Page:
Keep Communicating, Even When Times Are Clear As Mud

June 1, 2011 at 10:54 am

The news headlines that I receive each morning from Google make the housing market very clear. Look at a recent sample:

  •  Brinkman Sees Signs of U.S. Housing Market Recovery – Washington Post
  • Cold Reality for housing market here – STL Today
  • Economist sees housing market stabilization – Chicago Tribune
  • Spring market declines – WTHI, Terre Haute, Ind.
  • Housing market continues to disappoint – WNYC, New York
  • Demand up for downtown housing – Montgomery, Ala
  • Don’t expect a housing market recovery until 2014 – Forbes

 So, folks, there you have it: the market’s recovering. No, it’s down. Wait, it’s stabilizing. Ulp, it’s declining. Wait, it’s up, at least downtown. OK, it’ll recover…in three years.

This clear analysis and definite trending makes it easy to plan, right?

You’re already dealing with a market that is at least confusing and, according to some, in a double-dip. I can’t tell you what to do about the technical part of your business. But I can tell you that it’s not the time to be quiet.

Just as you’re thinking strategically about buying supplies, what projects you undertake and who you hire, you should be thinking carefully about how you’re communicating with the world.

Here are three things to think about: 

  1. What are you communicating?

Yes, you are communicating. If you’re hunkered down waiting for the good times to return, it sends a message. If you’re out there doing events, seeking out people and advertising in real estate sections, you’re sending quite a different message. You should think about the messages you are sending and the messages you should be sending. Are they the same? Are they proactive, strategic messages or are you just answering questions? Do they send information about who you are and how you want to be understood? 

  1. With whom are you communicating?

Customers, right? But how do you know that? Are you talking with past and present customers as well as potential customers? And what about the other groups on whom your business depends? Are you communicating with your employees and business partners? How about officials who have an impact on your business?  How these groups understand your business can have as big an impact on your business as customers coming through the door. And, by the way, what are your customers, employees, business partners and media people saying about you? 

  1. How are you communicating?

How you communicate sometimes sends a louder message than what you say. Everyone expects you to run pretty ads with your best product on it. But are you being cited as an expert in professional panels and by reporters in traditional and new media? Does your opinion carry weight? Are you using social media to blast out ads or are you actually engaging in conversation? Are you out in the community, participating in events and ready to answer questions or are you hiding in your office?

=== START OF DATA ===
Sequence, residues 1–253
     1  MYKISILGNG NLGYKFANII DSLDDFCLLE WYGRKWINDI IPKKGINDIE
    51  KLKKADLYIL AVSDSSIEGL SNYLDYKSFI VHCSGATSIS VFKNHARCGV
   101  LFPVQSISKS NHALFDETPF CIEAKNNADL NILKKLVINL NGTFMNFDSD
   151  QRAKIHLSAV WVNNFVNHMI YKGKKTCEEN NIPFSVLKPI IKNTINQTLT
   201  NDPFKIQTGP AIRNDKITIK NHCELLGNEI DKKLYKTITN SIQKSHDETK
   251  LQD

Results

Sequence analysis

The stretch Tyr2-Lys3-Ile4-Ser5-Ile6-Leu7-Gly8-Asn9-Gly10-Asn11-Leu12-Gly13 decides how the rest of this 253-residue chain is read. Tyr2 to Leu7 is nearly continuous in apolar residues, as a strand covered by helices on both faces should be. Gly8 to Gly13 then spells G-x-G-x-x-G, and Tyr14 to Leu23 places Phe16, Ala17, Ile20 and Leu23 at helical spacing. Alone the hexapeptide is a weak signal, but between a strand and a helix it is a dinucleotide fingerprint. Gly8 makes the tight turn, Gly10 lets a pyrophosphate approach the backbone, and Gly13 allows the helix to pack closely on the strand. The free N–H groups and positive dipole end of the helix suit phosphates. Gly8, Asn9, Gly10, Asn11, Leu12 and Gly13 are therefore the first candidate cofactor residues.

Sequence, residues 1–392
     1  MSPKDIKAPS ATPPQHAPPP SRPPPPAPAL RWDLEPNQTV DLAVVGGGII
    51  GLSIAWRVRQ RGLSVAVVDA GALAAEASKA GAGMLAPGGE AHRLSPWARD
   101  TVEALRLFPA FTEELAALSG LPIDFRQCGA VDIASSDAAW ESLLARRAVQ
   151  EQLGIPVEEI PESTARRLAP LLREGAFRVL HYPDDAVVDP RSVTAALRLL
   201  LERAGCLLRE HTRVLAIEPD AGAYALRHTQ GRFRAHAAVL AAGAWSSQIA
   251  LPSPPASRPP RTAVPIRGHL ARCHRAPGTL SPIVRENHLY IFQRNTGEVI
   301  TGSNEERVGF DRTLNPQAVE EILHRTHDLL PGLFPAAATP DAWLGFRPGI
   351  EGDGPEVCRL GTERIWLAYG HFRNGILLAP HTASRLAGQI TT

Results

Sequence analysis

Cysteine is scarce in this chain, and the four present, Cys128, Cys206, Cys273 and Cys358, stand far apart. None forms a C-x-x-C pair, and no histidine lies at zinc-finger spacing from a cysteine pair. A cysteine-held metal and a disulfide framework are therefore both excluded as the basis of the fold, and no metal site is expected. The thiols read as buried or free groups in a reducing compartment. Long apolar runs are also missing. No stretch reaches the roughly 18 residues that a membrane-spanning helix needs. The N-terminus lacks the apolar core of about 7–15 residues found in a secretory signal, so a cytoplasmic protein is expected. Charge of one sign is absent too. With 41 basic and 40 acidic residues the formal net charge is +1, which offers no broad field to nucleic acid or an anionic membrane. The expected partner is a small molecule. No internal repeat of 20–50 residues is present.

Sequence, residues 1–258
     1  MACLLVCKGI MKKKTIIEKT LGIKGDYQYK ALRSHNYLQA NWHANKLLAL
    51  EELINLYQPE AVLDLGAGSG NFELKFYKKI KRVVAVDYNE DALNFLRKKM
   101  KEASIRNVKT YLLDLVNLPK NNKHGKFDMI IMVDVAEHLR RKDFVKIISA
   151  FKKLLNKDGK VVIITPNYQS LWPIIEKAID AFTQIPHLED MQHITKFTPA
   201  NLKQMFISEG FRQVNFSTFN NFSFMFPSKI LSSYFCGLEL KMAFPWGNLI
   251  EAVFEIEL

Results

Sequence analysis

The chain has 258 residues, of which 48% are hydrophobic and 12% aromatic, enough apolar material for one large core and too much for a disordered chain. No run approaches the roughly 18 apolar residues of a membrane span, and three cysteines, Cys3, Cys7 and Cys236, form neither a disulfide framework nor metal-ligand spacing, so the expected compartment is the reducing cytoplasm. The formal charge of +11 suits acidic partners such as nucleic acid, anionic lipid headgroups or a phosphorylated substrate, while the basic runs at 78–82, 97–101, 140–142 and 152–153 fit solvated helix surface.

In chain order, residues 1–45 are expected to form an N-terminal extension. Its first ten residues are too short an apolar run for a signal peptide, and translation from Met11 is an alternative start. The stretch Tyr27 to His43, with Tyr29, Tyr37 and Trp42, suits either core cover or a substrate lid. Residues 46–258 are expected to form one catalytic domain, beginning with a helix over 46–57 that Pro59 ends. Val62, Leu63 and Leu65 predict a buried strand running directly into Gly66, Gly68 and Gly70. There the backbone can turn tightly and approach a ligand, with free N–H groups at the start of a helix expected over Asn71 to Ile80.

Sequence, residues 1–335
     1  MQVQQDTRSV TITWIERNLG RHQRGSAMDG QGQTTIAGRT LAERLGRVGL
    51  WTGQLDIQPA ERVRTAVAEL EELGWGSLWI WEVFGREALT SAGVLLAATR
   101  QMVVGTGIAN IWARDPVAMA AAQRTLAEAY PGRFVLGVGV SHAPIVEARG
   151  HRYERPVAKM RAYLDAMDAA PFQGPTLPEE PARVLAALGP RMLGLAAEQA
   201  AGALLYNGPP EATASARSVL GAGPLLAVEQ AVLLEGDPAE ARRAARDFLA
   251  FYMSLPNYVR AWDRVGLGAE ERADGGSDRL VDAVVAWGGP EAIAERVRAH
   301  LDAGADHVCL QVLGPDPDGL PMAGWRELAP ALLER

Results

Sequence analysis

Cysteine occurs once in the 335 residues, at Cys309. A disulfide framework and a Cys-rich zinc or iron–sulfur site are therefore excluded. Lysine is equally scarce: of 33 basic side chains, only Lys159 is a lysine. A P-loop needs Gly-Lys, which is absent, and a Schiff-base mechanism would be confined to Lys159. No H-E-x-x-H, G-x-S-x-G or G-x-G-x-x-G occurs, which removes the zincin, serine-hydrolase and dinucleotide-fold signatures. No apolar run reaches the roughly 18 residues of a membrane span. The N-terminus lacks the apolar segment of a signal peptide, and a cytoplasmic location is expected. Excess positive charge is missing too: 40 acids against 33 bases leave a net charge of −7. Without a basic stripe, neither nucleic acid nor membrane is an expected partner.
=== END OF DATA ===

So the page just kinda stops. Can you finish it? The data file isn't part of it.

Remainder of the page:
After you’ve thought about all these things, there’s one more question you need to ask yourself: Am I being heard?

 The better people understand you and your organization, the more likely they are to do business with you and to give you a little latitude as you work through the realities of getting the job done. How you communicate, what messages you send and how you send them create your reputation and people’s perception of your business. It’s not the kind of thing you want to leave to chance. You can’t handle the communications aspect of your business on the run.

 Running a business means being an expert in a lot of things, including knowing when to ask for help. Many organizations find it helpful to work with a communications professional, much like they have an attorney look at legal documents and an accountant look at the books. If you’re more comfortable negotiating a deal than writing and optimizing a news release, a firm like In-House Public Relations can help you.

 The economy and the housing business probably won’t become clear for a while. In addition to everything else you’re doing to protect your business, managing its reputation and making sure people know what sets you apart from others will establish and maintain your leadership.  Maybe they won’t call you tomorrow. But when they’re ready to call, you’ll be at the top of their list.

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Entry filed under: Dealing with social media, Media Relations, Optimized News Releases, Organizational communications, reputation. Tags: , , , , , , , , .

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